The Devil’s DNA Score: 7.5/10

 Morten Frendrup, 23, Genoa

Career: The Brøndby youth product broke into the main team at just the age of 16 in 2018, becoming the youngest senior debutant for the club. After 1.5 years of backup apps and learning from the first team, he started playing regularly in the 2019/20 season. What followed was 2.5 impressive years which many clubs in Europe noticed. Genoa completed a winter window deal in 2022 for €3.5m. Since then Morten has been a regular starter and racked up 76 appearances for Genoa in 2.5 years. At the age of 23, with a lot of potential to fulfill, a move to a bigger club appears close. 


  • Combative, energetic and intense dueling
  • Agility and speed across ground to cover space quickly
  • Close control and mobility to get out of tight situations with ball
  • Vertical burst carrying into space when available with good success
  • Positioning and awareness to intercept, block and shield defence – constant scanning
  • Front-footed pressing and opponent disruption when higher up
  • Movement to wide/deep areas to show himself or open lanes for others
  • Punchy grounded progressive pass to advance game quickly
  • Final ball IQ – cutback, through ball or 1-touch release into space
  • Offensive runs into box or in wide areas where space is available


  • Low passing range – lacks switches, lobs, chips
  • One-footed and doesn’t use outside foot either – limits passing angles
  • Smaller frame means sometimes he gets bullied especially in air but usually makes up
  • At times carries too much or holds on to ball instead of passing
  • Not a natural tempo control playmaker – more quick-release or carry-first intent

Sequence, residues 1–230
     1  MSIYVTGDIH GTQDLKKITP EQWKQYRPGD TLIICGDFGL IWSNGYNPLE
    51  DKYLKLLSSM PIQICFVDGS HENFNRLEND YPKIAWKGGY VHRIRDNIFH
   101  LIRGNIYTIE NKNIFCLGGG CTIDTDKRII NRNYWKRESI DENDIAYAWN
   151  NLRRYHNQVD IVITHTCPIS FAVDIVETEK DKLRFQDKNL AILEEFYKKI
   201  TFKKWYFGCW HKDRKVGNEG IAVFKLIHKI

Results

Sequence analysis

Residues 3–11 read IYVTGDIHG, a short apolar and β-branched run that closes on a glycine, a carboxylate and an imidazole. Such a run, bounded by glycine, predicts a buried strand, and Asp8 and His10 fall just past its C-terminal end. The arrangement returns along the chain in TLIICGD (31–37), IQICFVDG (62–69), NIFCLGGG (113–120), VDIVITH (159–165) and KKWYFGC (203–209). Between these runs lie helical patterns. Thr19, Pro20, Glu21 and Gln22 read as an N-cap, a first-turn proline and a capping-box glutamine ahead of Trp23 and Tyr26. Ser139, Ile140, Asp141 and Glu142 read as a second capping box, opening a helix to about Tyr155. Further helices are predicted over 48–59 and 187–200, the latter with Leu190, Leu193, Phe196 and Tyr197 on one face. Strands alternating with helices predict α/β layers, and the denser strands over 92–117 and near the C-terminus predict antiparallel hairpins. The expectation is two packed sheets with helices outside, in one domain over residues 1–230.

In possession: Playing for Genoa means Frendrup doesn’t get on the ball much and when he does it’s often a forward-minded counter-enabling action. And he’s great at those. His go-to moves are a crisp, well-directioned grounded pass to his attacker or a strong vertical dribble to get out of pressure as he searches for an option to pass to. And he’s great at both. He’s press-resistant enough to use smart close control to escape markers, his favorite move being the Iniesta-special La Croqueta. I do think his scope for good retention and circulation passes is good and will be seen more in a team that keeps the ball more. He’s a great mover when his team has the ball whether it’s dropping deep to show for the ball, moving wide to receive on wings or making offensive runs into the box in the final phase. He has an underrated final ball which usually occurs as a cutback from the right half-space or punchy through ball from central areas. This is reflected by his 5 assists this year. Some issues include having a low passing range and variety due to being one-footed and not attempting any switches or lobs. This makes a right-sided role more ideal. He also doesn’t seem like a pausa player, often thinking of a carry or quick pass first, but this could be influenced by team tactics too. Feels like Gavi in possession.